The most important thing I learned from childbirth, I told the group of pastors, is that it is a process which is bigger than I am. I did my best to prepare, but part of that preparation was to surrender to the process with the understanding that I could not control it. Fighting to have things go according to my plan would be exhausting, and not very productive. Knowledge is good, but it can only take you so far: in the end, I had to come to a place of trust. Trust in my husband and caregivers, trust in myself, but mostly trust in the process.
I believe that trust had to be the place where Mary, and then Joseph arrived when the realized the gift which God had entrusted to their care. Neither of them could have known or been expected to know how Jesus’ life and God’s will would play out. Whatever their expectations, at Jesus birth or at the beginning of his ministry or after his death, they were not in control of the narrative. This is not unique to the birth of Jesus. Many parents, maybe every parent, who starts out with grand ideas of establishing a regular schedule, sleep training, potty training, school activities and grades, college expectations — sooner or later (usually much sooner) we are all brought to our knees by the reality that our children have their own ideas and are not under our control. This can be a painful realization, but ultimately it is a freeing one.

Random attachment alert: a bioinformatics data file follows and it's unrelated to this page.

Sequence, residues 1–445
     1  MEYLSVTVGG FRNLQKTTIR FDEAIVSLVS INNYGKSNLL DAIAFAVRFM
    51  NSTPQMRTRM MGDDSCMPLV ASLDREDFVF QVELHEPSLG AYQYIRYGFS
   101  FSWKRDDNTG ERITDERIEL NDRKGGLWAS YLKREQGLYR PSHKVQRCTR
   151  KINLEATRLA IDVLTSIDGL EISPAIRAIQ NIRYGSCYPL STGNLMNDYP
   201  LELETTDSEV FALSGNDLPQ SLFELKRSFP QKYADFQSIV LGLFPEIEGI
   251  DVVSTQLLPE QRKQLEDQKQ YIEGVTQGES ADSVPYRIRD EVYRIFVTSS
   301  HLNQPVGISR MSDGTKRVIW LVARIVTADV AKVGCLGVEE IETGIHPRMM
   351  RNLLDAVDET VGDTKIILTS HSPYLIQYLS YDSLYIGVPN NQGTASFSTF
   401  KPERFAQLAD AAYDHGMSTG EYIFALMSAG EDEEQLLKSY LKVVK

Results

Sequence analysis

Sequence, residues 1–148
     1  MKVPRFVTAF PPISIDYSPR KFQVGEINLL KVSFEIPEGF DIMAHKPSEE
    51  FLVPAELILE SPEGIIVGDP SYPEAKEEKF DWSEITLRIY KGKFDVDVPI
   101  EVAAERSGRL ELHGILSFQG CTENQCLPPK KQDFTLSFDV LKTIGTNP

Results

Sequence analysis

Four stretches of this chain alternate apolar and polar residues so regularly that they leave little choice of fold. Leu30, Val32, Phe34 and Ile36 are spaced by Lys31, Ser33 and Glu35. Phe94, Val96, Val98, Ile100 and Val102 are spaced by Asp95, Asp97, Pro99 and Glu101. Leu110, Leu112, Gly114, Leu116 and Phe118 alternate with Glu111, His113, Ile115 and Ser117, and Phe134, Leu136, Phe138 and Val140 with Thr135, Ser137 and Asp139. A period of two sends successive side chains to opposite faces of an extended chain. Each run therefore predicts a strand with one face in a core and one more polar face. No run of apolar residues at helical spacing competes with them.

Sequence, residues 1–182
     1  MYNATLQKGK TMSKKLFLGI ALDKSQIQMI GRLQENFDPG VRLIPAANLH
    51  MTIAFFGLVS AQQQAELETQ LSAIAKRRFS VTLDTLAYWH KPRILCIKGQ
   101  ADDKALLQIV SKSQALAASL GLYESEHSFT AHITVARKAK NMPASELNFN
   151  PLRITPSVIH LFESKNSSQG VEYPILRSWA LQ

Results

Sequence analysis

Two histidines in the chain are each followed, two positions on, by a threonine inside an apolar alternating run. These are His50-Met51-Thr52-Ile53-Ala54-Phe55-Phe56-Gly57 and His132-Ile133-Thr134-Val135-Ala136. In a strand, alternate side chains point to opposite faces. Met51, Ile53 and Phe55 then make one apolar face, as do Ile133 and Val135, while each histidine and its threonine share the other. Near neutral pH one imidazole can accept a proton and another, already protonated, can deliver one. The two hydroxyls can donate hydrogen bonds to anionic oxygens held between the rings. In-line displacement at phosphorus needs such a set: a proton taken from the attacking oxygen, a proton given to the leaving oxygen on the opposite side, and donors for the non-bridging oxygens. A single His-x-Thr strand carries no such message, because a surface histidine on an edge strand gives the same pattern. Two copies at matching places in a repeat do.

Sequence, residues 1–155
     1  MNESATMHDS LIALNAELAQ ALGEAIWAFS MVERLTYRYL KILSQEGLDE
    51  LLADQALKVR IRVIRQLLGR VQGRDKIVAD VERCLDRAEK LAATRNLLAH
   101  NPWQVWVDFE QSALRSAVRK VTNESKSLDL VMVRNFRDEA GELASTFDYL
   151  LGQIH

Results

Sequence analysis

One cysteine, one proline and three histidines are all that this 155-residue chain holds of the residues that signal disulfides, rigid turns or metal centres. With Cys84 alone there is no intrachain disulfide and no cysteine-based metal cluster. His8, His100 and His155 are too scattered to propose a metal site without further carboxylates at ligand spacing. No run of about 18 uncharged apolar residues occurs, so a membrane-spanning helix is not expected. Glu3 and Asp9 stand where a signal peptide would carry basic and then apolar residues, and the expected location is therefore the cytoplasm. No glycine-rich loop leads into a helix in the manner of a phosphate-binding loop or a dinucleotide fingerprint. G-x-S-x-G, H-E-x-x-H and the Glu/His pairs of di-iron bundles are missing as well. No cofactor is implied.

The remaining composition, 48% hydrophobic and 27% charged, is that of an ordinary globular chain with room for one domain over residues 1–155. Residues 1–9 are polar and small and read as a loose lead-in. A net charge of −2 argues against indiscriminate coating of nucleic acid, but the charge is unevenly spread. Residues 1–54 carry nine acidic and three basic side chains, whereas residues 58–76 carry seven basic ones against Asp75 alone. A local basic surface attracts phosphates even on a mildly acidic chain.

For nine months or so, Mary was able to contain God-in-flesh within her own body. But that is about to change — we are only a week away from Christmas and Jesus’ birth, and that means Jesus is coming to our neighborhood. Emmanuel, God-with-us is a sign of God’s love for us and for all people: sent to save us from our sins and fulfill the prophecies of the Old Testament. But God-with-Us also means that we are part of a larger story: a story that is bigger than we are, a story which is bigger than our own hopes and dreams. We are invited to participate in that story, but as the Bible tells us again and again, we do not control it. The Simple Gifts devotional for last Sunday, December 11, as about the First Snowfall — how delightful it is for children who get to change their routine and spend time playing in the snow, while for many adults snow is a nuisance which slows us down and creates more things we have to do. Kathy Fuller Guisewite writes, “Snow reminds us to look and to find the wonder in that which we cannot control.”[i]
Now, I will be the first to admit that I struggle with things I cannot control. I like to plan, and I like it when things go according to plan: family gatherings, pastoral visits, worship services . . . Whatever plans are on your list between now and the end of the year, I wish you strength and patience for the season. But I’m here to remind you that our call as followers of Emmanuel is not to make Jesus part of our plans. Our call as those whom Jesus has redeemed and saved from sin is to be part of Jesus’ plan. That means having the humility to acknowledge that our plans — no matter how much we like them and how hard we have worked on them — are imperfect compared to God’s will. It means being willing to look and to find the wonder in things we cannot control.